It goes without saying that smoking is an extremely harmful habit that affects almost every organ in the body, and this includes the eyes. Whilst the damage that smoking can have on the heart and lungs is common knowledge, the harm it can cause to your eye health is lesser known, however, according to the NHS, smokers are twice as likely to lose their sight compared to non-smokers.
Tobacco smoke contains over 4,000 harmful substances, including carcinogens, irritants and inflammatory agents- all of which affect all areas of the body. When it comes to eyes specifically, cigarette smoke actually causes biological changes which can lead to damaged blood vessels, poorly functioning tear ducts, oxidative stress and in more serious cases, vision loss.
In 2017, a study carried out by the Macular Society showed that 53% of people weren’t aware that smoking can actually cause blindness. This lack of understanding signifies just how important it is to make smokers aware of the risks, and not just for their own health- passive smokers are also at risk of smoking-related eye problems.
In this blog, we go into more detail about the specific eye diseases that are a direct result of or made worse by smoking, before explaining the benefits of kicking the habit for your eye health.
When it comes to eye health, there is a breadth of different issues that can significantly impact the way you see the world- sometimes even leading to total vision loss. If you’re a smoker, your chance of developing an eye illness is much more likely and more generally, your eye health will deteriorate much more rapidly due to the constant exposure to irritable tobacco smoke. There is a strong correlation between smoking and a number of different eye problems; below, we explore what these are.
Cataracts are a well-known eye problem that affect both humans and animals alike. Cataracts cause the eye’s natural lens to become cloudy and misty, which obviously makes vision less effective. Cataracts are common amongst elderly people, however, if you are a smoker, your risk is significantly increased- in fact, the chance of developing cataracts is almost doubled.
Research has confirmed a direct link between smoking and cataracts, and although it’s treatable and won’t lead to blindness in most cases, the treatment is a rather intrusive operation which involves replacing the eye’s lens. It’s a particularly unpleasant procedure that can be easily avoided by stopping smoking early.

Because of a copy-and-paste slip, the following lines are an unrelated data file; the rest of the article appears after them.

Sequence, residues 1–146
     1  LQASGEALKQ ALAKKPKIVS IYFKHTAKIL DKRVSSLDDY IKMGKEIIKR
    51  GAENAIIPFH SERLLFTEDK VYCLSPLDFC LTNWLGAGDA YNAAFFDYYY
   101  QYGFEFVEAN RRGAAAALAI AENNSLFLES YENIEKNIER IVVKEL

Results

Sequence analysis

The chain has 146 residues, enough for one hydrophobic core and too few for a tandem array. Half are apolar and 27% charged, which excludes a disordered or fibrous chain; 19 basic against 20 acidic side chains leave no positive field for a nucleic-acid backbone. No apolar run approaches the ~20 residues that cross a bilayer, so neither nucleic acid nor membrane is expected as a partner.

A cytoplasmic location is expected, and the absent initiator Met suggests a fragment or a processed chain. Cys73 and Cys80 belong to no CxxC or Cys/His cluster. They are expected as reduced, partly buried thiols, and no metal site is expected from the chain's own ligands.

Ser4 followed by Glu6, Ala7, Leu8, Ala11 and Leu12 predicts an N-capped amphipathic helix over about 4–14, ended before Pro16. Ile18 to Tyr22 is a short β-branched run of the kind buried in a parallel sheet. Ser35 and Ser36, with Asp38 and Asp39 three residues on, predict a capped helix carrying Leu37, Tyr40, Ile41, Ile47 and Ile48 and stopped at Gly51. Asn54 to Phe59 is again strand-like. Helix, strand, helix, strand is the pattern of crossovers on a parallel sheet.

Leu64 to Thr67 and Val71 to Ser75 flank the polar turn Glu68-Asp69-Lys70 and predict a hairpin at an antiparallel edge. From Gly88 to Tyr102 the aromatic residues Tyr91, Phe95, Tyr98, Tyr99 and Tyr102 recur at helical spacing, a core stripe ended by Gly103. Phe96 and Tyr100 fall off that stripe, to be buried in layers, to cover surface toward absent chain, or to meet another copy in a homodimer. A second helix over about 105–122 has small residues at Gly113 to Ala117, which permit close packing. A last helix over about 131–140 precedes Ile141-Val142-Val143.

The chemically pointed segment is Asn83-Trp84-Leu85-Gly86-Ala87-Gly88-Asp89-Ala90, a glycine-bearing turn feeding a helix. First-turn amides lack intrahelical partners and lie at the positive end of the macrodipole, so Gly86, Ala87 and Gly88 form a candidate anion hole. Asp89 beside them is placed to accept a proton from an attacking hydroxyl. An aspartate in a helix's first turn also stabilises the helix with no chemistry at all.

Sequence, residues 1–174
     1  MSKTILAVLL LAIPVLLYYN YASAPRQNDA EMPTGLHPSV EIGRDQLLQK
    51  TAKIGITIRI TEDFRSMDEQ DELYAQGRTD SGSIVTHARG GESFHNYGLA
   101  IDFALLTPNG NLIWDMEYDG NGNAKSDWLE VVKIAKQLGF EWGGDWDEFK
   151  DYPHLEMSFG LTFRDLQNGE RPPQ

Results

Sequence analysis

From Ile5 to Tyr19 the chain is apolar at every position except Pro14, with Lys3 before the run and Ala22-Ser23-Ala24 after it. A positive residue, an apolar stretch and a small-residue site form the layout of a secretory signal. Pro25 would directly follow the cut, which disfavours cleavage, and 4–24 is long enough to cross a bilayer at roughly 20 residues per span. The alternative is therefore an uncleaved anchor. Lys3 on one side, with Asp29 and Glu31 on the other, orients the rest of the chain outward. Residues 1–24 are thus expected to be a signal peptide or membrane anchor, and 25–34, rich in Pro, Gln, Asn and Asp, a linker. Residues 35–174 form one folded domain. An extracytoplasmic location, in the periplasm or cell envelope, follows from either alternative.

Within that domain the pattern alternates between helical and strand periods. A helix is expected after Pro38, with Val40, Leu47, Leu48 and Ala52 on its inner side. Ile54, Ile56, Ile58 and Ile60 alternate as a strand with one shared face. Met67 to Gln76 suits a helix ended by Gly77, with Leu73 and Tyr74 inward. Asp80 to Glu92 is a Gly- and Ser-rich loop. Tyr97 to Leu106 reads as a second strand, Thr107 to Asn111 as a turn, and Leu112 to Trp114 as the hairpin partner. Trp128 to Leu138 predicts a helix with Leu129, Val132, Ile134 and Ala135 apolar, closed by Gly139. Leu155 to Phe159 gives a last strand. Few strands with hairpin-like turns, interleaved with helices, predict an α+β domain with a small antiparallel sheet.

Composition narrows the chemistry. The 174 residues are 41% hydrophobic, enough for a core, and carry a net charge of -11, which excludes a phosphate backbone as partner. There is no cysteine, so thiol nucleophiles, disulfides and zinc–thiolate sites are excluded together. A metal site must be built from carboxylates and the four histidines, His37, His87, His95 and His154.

Despite the fact that it’s called ‘age-related’ degeneration, there is a direct link between AMD and smoking and whilst sufferers to tend to be of a certain age, those who smoke are at a much greater risk of developing the condition. According to the Royal National Institute of Blind People (RNIB), smokers are four times more likely to develop AMD in their later years, or even be diagnosed prematurely.
AMD is the UK’s leading cause of blindness and affects the centre of the retina. This limits sufferers' ability to carry out everyday tasks, such as reading and driving. Blind spots develop in the centre of the eye, impairing your central vision. Unfortunately, there are very few effective treatment options for AMD, which is why it’s even more important to stop smoking before the disease takes hold in later life.
This is a related eye disease that is associated with how many cigarettes are smoked each day. Graves-disease is when the thyroid gland produces too much thyroid hormone, causing problems to many parts of the body, but particularly the eyes. Sufferers may experience a protrusion of the eyes, double vision and issues with the muscles around the eyes. In severe cases, it can lead to permanent visual impairment. The specific effect that Graves-disease has on the eye is also known as thyroid eye disease (TED) or Graves’ orbitopathy (GO).
If you suffer from TED, the muscles and soft tissues in and around your eye socket begin to swell. When your eye is inflamed, this is known as the ‘active’ stage and will generally resolve naturally over time, usually between six months to two years.
Yet, if you smoke, the active stage will not only last much longer, but you’re also more likely to be left with lasting damage to the appearance of your eyes. Whilst this can be amended and treated, quitting smoking is a much easier route to take before you’re left with lifelong eye problems.
Optic neuropathy is an extremely distressing condition as it causes a sudden loss of vision and often leads to permanent blindness. It happens when the blood vessels to the eyes are completely or partially blocked. If you smoke, you are 16 times more likely to develop this debilitating condition and you could develop it up to 12 years earlier than non-smokers.